As to the problem of controlling minds, Levy presents two ways of controlling minds: the use of psychopharmaceuticals and the effects of transcranial magnetic stimulation (TMS) on voluntary actions. Then he goes on to explain Phelps and her colleagues' studies of the neural correlates of racism. In their studies, Phelps and her colleagues used fMRI to find a correlation between racism and amygdala activity. The uniqueness of these studies is that they are not done only by fMRI. In studying the correlation between racism and amygdala activity, Phelps and her colleagues employed cognitive psychological methods to measure the degree of racial prejudice: the implicit association test and the eyeblink startle test. Although I cannot explain these two tests in detail, the point here is that "[i]n order to establish a baseline for comparison with their fMRI measure of racism, they [Phelps and her colleagues] used the tools of cognitive psychology: they used measures that are environmental rather than internal, exterior rather than interior" (p. 149). This suggests that if reading and controlling minds is a problem, then we should worry not only about neuroscientific technologies, but also about cognitive and social psychology. Both can reveal our information without our consent. As examples of his view, Levy discusses the study of facial expressions as lie detectors, ideological control of others, and the ego-depletion hypothesis. In his opinion, we have no special reason to worry about neuroscientific technologies. There are other external ways to be worried about. Some readers might discern that this is closely related to Levy's argument for the parity principle. Levy argues that "we see that the very same reasons we have to fear neuroscientific mind reading and mind control apply, with at least equal force, to existing techniques, and perhaps even more to new discoveries coming not from neuroscience but from cognitive and social psychology" (p. 155).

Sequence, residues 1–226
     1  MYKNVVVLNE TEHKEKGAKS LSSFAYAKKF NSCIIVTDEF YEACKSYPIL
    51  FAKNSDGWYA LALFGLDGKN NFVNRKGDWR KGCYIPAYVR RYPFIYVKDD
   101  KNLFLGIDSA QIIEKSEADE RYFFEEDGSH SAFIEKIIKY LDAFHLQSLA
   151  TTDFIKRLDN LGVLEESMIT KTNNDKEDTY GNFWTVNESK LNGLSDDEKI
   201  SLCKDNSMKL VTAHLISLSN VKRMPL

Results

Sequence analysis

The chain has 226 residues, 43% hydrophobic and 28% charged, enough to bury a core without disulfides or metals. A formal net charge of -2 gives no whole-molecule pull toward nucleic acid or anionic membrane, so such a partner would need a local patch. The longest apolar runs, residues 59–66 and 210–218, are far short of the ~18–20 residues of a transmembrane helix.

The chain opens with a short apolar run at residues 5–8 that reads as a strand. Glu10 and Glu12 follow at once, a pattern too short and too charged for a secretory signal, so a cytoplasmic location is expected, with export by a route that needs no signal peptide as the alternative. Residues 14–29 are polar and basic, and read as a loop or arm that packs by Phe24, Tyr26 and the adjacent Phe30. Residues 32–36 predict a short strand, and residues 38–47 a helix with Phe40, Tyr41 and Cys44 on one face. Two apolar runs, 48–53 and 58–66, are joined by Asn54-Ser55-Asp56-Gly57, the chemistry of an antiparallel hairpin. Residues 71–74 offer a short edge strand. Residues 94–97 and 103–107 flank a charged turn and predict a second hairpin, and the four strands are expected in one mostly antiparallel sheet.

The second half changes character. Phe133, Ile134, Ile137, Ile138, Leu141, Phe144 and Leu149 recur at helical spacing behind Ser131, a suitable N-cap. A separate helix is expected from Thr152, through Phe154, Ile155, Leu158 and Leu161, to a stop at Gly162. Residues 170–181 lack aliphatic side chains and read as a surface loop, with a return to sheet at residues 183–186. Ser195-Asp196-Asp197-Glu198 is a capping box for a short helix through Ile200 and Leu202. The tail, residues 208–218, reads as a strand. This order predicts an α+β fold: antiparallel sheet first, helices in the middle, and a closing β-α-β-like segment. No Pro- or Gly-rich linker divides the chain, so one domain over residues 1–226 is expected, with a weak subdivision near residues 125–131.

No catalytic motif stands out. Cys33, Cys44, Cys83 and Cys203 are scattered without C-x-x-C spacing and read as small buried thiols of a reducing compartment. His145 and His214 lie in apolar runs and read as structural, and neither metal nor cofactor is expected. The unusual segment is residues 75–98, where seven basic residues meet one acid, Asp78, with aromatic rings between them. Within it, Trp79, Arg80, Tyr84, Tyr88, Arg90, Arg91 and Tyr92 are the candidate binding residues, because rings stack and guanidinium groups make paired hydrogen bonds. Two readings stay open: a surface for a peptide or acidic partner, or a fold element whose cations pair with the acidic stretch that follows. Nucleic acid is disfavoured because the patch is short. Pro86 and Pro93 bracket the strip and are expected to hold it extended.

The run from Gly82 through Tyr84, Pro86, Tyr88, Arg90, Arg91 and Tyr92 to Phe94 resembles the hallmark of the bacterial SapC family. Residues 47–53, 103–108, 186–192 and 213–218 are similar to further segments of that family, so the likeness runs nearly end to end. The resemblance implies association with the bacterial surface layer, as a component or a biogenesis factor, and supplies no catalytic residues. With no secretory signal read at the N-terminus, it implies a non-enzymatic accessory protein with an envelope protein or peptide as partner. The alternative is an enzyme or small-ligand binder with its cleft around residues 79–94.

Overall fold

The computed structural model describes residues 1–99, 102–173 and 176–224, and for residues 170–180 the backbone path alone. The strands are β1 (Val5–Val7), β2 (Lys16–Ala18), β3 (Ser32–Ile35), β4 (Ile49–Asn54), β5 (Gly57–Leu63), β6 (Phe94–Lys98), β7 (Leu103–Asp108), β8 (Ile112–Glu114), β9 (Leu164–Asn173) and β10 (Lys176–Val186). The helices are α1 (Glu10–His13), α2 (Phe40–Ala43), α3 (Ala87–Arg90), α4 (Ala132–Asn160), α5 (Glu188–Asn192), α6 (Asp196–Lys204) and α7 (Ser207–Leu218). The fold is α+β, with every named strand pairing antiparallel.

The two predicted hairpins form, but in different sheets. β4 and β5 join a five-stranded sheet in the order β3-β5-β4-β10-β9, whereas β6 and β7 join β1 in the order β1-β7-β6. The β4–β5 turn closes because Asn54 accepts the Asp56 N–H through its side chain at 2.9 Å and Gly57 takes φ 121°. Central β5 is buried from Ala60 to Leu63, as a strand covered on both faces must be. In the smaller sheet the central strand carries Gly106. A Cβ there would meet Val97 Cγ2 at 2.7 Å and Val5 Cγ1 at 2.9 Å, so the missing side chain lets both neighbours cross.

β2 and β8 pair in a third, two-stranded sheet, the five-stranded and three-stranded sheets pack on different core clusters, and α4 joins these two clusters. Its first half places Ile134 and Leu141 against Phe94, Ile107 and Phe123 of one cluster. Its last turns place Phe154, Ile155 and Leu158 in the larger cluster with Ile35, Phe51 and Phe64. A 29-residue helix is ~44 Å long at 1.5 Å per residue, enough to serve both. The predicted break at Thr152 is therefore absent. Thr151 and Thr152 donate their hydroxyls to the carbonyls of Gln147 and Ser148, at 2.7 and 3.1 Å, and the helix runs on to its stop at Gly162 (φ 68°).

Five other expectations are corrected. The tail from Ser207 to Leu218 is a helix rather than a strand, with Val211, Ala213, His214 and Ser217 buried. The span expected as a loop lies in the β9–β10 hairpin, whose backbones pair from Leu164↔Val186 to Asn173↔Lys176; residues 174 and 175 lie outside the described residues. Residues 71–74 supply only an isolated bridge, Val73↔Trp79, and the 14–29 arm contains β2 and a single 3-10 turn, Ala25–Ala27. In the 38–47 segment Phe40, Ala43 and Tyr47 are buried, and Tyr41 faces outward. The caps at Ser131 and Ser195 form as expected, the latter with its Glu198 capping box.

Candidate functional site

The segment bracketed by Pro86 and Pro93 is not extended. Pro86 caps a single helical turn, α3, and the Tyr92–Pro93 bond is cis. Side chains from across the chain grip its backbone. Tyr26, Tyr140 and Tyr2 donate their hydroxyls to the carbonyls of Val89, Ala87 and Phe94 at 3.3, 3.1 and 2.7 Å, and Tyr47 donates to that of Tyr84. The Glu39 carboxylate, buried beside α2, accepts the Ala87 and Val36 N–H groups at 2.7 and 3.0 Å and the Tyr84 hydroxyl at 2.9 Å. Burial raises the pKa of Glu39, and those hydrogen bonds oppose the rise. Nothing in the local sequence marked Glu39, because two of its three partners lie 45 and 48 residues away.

I have thus far explained Levy's argument. In this chapter, Levy mainly presents many studies and experiments of reading and controlling minds. His point is that we have no special reason to worry about neuroscientific technologies in that it is a long way to have useful technologies to read and control minds in the foreseeable future. But this is puzzling. If we need not worry about neuroscientific technologies of reading and controlling minds, then why does he write this book and found the journal Neuroethics? Is his neuroethics merely an apologetics for neuroscience? Neuroscientists would be pleased. But if we think that philosophy is a critical discipline, then this is a retreat. We need to know what Levy's political agenda is and to decide whether we agree with him.

Reported by Kei YOSHIDA (Fellow, UTCP)
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Presented by Mineki OGUCHI (Fellow, UTCP)